We believe that “networking” is sharing. People listen to (and follow) us because of our discernment and curatorial instinct. As we share our creations as well as what fascinates us, we authentically build a community of supporters that give us feedback, encouragement, and lead us to new opportunities. For this reason and more, we often (though, not always) opt for transparency over privacy.

We believe in meritocracy and the power of online networks and peer communities to advance our ability to do what we love, and do well by doing it. We view competition as a positive motivator rather than a threat, because we want the best idea – and the best execution – to triumph.

We make a great living doing what we love. We consider ourselves as both artisans and businesses. In many cases, we are our own accounting department, Madison Avenue marketing agency, business development manager, negotiator, and salesperson. We spend the necessary energy to invest in ourselves as businesses – leveraging the best tools and knowledge (most of which are free and online) to run ourselves as a modern-day enterprise.

In the past, those with Free Radical tendencies were described as either “freelancers,” if they worked alone, or “mavericks,” if they worked in an organization. The stereotype was that of a lone ranger that shuns responsibility. Today, Free Radicals are emerging as extremely capable leaders across industries. Sure, they’re authoring their own professional lives with great authority, but they are doing so with a deep appreciation for collaboration and shared resources.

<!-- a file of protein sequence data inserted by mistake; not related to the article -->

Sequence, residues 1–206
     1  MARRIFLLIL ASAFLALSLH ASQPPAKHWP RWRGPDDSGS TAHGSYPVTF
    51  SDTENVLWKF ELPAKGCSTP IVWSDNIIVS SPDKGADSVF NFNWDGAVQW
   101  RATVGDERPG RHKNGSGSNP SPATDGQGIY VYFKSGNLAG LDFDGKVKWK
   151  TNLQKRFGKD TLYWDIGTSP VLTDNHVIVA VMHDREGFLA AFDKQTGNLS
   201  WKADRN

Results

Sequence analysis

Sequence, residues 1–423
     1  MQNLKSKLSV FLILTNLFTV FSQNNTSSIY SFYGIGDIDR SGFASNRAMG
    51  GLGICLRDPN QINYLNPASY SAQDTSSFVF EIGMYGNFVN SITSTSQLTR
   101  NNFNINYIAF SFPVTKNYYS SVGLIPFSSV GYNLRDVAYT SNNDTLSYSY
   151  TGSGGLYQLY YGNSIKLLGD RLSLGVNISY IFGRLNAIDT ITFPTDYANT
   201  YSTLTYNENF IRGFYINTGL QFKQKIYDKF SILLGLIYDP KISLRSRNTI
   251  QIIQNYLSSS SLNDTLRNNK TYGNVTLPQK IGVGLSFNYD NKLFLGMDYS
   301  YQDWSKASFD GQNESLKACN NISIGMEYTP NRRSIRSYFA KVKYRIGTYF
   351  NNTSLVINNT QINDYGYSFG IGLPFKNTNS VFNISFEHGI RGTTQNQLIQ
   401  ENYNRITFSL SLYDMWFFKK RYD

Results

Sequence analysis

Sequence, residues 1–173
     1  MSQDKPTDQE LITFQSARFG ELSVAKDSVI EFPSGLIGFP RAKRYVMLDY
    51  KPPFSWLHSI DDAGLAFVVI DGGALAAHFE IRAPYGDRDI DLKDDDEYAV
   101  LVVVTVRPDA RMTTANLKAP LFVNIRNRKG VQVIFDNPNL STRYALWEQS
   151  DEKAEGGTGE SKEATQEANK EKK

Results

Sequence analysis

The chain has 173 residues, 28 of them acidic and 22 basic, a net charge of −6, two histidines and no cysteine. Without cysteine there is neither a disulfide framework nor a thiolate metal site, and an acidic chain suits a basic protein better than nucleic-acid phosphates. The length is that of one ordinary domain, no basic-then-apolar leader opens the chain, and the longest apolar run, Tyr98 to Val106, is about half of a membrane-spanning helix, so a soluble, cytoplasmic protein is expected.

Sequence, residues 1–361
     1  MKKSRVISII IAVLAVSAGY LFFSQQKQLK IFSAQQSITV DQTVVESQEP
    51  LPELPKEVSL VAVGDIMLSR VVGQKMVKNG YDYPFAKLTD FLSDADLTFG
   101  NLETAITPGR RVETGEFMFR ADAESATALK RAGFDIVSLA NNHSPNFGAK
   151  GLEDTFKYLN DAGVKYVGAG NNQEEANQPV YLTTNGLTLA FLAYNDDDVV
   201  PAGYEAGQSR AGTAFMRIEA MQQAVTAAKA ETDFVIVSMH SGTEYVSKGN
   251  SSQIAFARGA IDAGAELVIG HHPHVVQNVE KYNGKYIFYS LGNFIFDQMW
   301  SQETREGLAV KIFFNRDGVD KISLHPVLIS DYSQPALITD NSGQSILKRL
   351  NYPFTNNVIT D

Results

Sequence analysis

In large corporations, I find Free Radicals questioning the norms and building a reputation as honest and action-oriented individuals; they’re trading antiquated (and opaque) information-sharing processes for the ease and transparency of Google Apps, they’re leveraging social media to gain market insights faster (and more cheaply) than the research department, and they’re always pushing for more freedom and progressive work practices that value meaningful creation over meaningless face time.

With less friction and fewer obstacles than ever before, Free Radicals are becoming masterful stewards of their ideas in the 21st century, and as such they are one of our greatest assets. Are you ready to take the reins?

Do the principles of “Free Radical-ism” ring true for you?

Scott Belsky

Scott Belsky is a general partner for Benchmark Capital. Previously, he was Adobe’s Vice President of Community and Co-Founder & Head of Behance, the leading online platform for creatives to showcase and discover creative work. Scott has been called one of the “100 Most Creative People in Business” by Fast Company, and is the author of the bestselling book, Making Ideas Happen.

Comments (92)
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Illustration by Oscar Ramos Orozco.